α-Synuclein assembles into higher-order multimers upon membrane binding to promote SNARE complex formation Academic Article uri icon

Overview

MeSH Major

  • Cell Membrane
  • Protein Multimerization
  • SNARE Proteins
  • alpha-Synuclein

abstract

  • Physiologically, α-synuclein chaperones soluble NSF attachment protein receptor (SNARE) complex assembly and may also perform other functions; pathologically, in contrast, α-synuclein misfolds into neurotoxic aggregates that mediate neurodegeneration and propagate between neurons. In neurons, α-synuclein exists in an equilibrium between cytosolic and membrane-bound states. Cytosolic α-synuclein appears to be natively unfolded, whereas membrane-bound α-synuclein adopts an α-helical conformation. Although the majority of studies showed that cytosolic α-synuclein is monomeric, it is unknown whether membrane-bound α-synuclein is also monomeric, and whether chaperoning of SNARE complex assembly by α-synuclein involves its cytosolic or membrane-bound state. Here, we show using chemical cross-linking and fluorescence resonance energy transfer (FRET) that α-synuclein multimerizes into large homomeric complexes upon membrane binding. The FRET experiments indicated that the multimers of membrane-bound α-synuclein exhibit defined intermolecular contacts, suggesting an ordered array. Moreover, we demonstrate that α-synuclein promotes SNARE complex assembly at the presynaptic plasma membrane in its multimeric membrane-bound state, but not in its monomeric cytosolic state. Our data delineate a folding pathway for α-synuclein that ranges from a monomeric, natively unfolded form in cytosol to a physiologically functional, multimeric form upon membrane binding, and show that only the latter but not the former acts as a SNARE complex chaperone at the presynaptic terminal, and may protect against neurodegeneration.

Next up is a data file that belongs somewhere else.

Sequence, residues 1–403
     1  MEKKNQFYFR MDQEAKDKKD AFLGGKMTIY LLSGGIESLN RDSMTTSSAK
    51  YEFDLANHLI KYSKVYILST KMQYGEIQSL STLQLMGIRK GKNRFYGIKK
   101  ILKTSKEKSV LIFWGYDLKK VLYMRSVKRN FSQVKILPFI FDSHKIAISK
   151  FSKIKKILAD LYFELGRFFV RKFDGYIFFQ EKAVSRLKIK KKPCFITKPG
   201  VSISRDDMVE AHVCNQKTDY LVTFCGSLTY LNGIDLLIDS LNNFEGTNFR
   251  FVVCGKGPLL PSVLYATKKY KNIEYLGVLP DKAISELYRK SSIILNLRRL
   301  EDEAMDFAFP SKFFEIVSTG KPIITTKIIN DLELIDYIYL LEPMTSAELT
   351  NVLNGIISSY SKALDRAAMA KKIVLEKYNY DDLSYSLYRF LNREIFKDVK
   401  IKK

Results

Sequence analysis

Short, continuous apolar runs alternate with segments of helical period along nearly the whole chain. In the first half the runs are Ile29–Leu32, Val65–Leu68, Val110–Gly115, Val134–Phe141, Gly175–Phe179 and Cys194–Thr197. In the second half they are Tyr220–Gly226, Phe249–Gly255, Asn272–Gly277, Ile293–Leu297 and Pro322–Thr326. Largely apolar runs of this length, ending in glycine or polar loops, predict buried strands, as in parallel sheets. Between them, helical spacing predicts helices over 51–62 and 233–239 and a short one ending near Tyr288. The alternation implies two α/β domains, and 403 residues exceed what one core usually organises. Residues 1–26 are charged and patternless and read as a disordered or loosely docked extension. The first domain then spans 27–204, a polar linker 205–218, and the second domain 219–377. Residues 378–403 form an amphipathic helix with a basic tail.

publication date

  • October 7, 2014

Research

keywords

  • Academic Article

Identity

Language

  • eng

PubMed Central ID

  • PMC4210039

Digital Object Identifier (DOI)

  • 10.1073/pnas.1416598111

PubMed ID

  • 25246573

Additional Document Info

start page

  • E4274

end page

  • 83

volume

  • 111

number

  • 40